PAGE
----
The Problem With Good Advice

The problem with good advice is that it is often contradictory. Only yesterday I asked the opinion of my Facebook friends about planting a lilac at the end of the garden. The gardeners among them responded with enthusiasm, some endorsing my putative choice (Syringa Vulgaris Belle de Nancy), others suggesting alternatives and talking about autumn colour/winter delights, and one even warning that some people are allergic to lilac. Now I am all of a dither — insofar as I am ever in a dither, that is — and busy researching the alternatives suggested and thinking some more. It comes as a relief to be re-reading chapter 3 of the Rule, On Summoning the Brethren for Counsel, especially verse 2 which states, ‘After he has heard the brethren’s advice, [the abbot] should reflect upon it, then do what he judges best.’ In the end, you see, a decision has to be made and its consequences borne with.

Very often chapter 3 of the Rule is taken as a kind of democratic charter, especially by the young whom Benedict singles out as frequently having a vision and acuteness their elders lack. Anyone who has lived in community for any length of time will know that the great reverence given to seniority needs to be balanced by openness to the insights of relative newcomers. It is, after all, a community enterprise on which we are engaged and God makes  some surprising choices. But Benedict was not a democrat, and chapter 3 is really about giving the abbot all the help he needs to formulate the response a difficult situation requires. Is there anything we can take from this that may be useful in the world beyond the cloister? I think there is.

Whether we are talking about the management of a household, a business, a corporation or a country, consultation and reflection are essential if we are to secure a result that will best meet the needs of the situation. But the right to be consulted, to give one’s opinion freely, does not necessarily mean the right to insist that one’s advice is followed. Occasionally, one reads of protests that go beyond a legitimate protest and assume a right to change something that has been determined by due democratic process. For example, one may not like the person put in office by one’s fellow electors, but trying to force him/her out of office by anything but the proper democratic process is to arrogate to oneself a power one does not have. Dictatorships often begin with the intention of putting right a perceived wrong or grievance. It is only in retrospect that we see the full implications.

Benedict’s abbot is far from being a dictator, however, and the workings of the community assembly or chapter are to be open and frank. Ultimately, the abbot must make the decision. Note, however, the obligation Benedict places on the abbot with respect to the advice given him. He is to listen carefully and ‘arrange matters prudently and fairly.’ (RB 3. 6) There should be no arbitrariness, no self-serving abuse of power — and no recklessness. His decisions must be for the greater good of those he serves.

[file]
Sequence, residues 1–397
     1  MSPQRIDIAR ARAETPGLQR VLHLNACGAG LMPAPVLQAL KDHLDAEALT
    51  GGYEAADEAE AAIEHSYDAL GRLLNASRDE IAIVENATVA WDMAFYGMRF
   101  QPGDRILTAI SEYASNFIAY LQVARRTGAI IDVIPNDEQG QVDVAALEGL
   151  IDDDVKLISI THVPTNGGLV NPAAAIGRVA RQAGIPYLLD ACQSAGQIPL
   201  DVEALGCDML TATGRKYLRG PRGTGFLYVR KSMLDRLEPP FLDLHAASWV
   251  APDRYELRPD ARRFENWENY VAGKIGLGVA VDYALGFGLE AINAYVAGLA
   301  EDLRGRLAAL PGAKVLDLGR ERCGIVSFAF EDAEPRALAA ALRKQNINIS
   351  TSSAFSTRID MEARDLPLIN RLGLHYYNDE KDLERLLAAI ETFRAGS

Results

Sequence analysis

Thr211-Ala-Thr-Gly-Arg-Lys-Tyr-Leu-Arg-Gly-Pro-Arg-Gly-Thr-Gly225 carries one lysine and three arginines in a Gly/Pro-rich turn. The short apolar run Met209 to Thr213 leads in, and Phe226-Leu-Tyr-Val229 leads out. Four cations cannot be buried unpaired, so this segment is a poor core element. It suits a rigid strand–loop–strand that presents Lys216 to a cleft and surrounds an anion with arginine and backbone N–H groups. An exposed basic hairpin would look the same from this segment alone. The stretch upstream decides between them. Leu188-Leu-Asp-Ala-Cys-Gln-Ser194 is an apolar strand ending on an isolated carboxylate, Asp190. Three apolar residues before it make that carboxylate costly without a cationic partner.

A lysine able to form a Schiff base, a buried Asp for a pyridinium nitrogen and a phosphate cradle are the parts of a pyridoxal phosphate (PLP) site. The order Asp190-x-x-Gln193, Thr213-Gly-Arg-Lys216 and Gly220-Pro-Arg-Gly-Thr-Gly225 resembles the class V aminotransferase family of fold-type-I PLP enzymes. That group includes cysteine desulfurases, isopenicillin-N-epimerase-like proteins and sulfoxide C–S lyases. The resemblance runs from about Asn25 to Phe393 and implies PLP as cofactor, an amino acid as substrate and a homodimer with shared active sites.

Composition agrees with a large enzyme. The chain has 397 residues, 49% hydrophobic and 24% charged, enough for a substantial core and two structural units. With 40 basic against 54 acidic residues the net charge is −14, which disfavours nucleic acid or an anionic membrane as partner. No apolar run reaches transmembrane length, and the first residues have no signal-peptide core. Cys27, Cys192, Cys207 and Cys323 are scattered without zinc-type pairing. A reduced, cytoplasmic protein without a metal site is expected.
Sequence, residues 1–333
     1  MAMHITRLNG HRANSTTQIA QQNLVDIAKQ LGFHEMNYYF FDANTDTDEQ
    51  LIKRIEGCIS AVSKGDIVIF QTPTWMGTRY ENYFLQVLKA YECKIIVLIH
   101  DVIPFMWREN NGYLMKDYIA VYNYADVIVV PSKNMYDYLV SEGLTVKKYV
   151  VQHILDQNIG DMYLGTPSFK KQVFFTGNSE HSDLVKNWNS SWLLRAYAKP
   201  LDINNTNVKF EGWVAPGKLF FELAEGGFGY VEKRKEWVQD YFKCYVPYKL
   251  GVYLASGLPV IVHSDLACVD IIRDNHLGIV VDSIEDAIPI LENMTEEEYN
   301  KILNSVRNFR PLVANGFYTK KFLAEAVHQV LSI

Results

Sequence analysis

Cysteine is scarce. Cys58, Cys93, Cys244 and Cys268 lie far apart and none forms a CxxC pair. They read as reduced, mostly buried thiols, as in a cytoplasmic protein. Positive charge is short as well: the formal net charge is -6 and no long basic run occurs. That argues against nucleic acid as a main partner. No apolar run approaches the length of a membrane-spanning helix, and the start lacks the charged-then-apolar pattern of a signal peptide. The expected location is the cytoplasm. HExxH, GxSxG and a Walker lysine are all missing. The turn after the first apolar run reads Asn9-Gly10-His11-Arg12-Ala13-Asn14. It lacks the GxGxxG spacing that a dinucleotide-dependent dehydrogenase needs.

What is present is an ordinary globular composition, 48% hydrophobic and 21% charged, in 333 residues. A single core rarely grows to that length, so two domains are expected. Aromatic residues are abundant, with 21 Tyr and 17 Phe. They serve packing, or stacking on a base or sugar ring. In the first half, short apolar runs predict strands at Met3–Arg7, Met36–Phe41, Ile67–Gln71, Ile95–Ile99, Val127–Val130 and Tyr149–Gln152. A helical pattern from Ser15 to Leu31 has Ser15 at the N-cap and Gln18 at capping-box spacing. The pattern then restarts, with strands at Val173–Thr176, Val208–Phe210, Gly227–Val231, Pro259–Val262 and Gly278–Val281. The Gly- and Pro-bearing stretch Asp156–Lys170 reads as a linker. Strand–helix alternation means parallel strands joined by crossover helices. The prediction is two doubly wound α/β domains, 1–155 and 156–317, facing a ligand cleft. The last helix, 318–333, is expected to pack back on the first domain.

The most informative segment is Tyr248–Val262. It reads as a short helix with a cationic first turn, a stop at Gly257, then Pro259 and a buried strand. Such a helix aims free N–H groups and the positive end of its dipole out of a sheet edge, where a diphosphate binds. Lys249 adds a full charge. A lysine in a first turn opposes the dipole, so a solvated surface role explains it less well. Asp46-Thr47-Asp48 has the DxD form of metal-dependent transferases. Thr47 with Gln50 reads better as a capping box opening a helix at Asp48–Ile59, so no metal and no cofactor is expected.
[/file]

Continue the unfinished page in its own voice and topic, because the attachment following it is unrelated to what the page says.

This week will see several meetings and events that will have consequences for all of us. It is a pity that RB3 is unlikely to be on the reading-list of Donald Trump or those at Davos. To be rich and powerful is to bear a great responsibility, and comparatively few truly live up to it. Let us pray for them all, for unless we do, we have no one to blame but ourselves if our best hopes are dashed and our worst fears realised.


7 thoughts on “The Problem With Good Advice”

  1. This struck a chord with me having lots of friends who, luckily for me, give lots of helpful advice. The only problem is, as you point out, when it’s contradictory. I’m happy to listen to different suggestions all of which are really useful, as long as friends don’t get hurt or angry when their advice isn’t necessarily the one that I follow.

  2. Love it. True leadership comes not from control but from acknowledging a shared authority. If we act solely under our own authority, we devalue the image of God.

  3. Long ago, I was told ‘in the end , you will follow the advice which is closest to your inclination’. I take this to mean we aren’t able to follow good advice if it is very different from what we would naturally do,, had we thought of it first.

  4. The Lilac should be planted anywhere.The sight and even the smell always seem to make one feel good. I have always loved Lilacs. I really did not miss the point of your writing today.

  5. I am with Susan. Consider the Lilac as you make your decision. I appreciate and agree with the larger point of this post, but I do want to put in a good word for the Lilac.

  6. As usual I come down on both sides: lilac is glorious, but only put it where you don’t want anything else. As something both strongly spreading and hard to grub out, lilac is a serious, long-term, commitment not to be undertaken lightly.
    But then, you and the Ladies already know something about that 🙂

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